The Cubs had been swept by the Brewers and their lead cut to two games, so this win was welcome. It raised their record to 78-66; the two-game lead was maintained, and the magic number cut to 17.
When a team that’s contending for a division title hosts a club that’s been decimated by injuries and trades of star players, the thing to do is to win games like those convincingly.
The Cubs had plenty of chances to score in the first three innings, but could not push a run across the plate. They left RISP in all three innings, hit into a double play in the first and ran into one in the third (not sure what Ben Zobrist was thinking, running on a 3-2 pitch to Kris Bryant) and things were starting to look like they did during the Brewers series, an inability to move runners along.
The Mets broke through in the top of the fourth when a double, a single and a groundout produced a run.
The Cubs wasted no time getting that run back. Kyle Schwarber led off the bottom of the inning with a walk and Jason Heyward singled him to third. Javier Baez struck out, and that brought up Jose Quintana:
Quintana gets down the safety squeeze to tie it. pic.twitter.com/LQSxavtfRx— Kevin Marchina (@kg_holler) September 13, 2017
Quintana, who was 0-for-27 with 16 strikeouts and only three sacrifice bunts in five-plus years with the White Sox, appears to have been working hard on becoming at least decent at the plate. His fourth sacrifice bunt since he came to the Cubs scored Schwarber to tie the game.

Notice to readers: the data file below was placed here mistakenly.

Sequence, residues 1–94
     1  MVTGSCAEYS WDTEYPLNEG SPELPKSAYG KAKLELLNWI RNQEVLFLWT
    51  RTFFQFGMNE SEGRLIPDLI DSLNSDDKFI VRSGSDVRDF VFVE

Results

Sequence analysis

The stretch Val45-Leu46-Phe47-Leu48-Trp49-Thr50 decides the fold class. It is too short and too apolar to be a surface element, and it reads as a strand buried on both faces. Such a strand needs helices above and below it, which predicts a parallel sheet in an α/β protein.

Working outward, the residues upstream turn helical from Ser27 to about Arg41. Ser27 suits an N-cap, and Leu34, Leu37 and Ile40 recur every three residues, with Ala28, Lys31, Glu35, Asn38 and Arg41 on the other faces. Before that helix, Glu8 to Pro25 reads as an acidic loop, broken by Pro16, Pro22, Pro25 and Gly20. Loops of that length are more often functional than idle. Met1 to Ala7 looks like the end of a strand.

After Zobrist hit a hard line drive to center field that was caught for the second out of the inning, Bryant was next:
3-run homer for Kris Bryant. pic.twitter.com/HMJfwQv0c2— Kevin Marchina (@kg_holler) September 13, 2017
The homer, Bryant’s 26th, was just his eighth with anyone on base and only his second three-run homer of this season.
The Mets made it 4-2 in the top of the fifth, but Schwarber got that run right back in the bottom of the inning:
Home run for Kyle Schwarber off the lefty Milone. pic.twitter.com/xs8Kz0ar2Y— Kevin Marchina (@kg_holler) September 13, 2017
The homer, Kyle’s 26th of the year, was just his third off a lefthander this season. Kyle added a single in the seventh for a 3-for-3 night (plus a walk), just his fourth three-hit game of 2017. Also:
revisiting Schwarber since return from minors (51 games):— Christopher Kamka (@ckamka) September 13, 2017
.258/.352/.566, 14 HR #Cubs
That’s really, really good, a .918 OPS over that period of time. And his .207 BA, while still not great, is at its highest level since April 29.
The Mets appeared to treat the game like a spring-training contest after Bryant’s homer, with pitchers throwing one inning each and guys wearing numbers in the 60s and 70s inhabiting the No. 9 spot. Each of the Mets’ five pitchers allowed at least one run, and the Cubs had one more home run up their sleeves. Ian Happ, in the seventh:
Happ’s home run was his 22nd, and just his fifth hitting righthanded. That gives him an outside chance at matching the Cubs’ team record for home runs by a rookie, 26, set by Bryant two years ago. Happ needs just one more to tie Billy Williams (1961) and Geovany Soto (2008) for second place on the Cubs’ rookie home run list.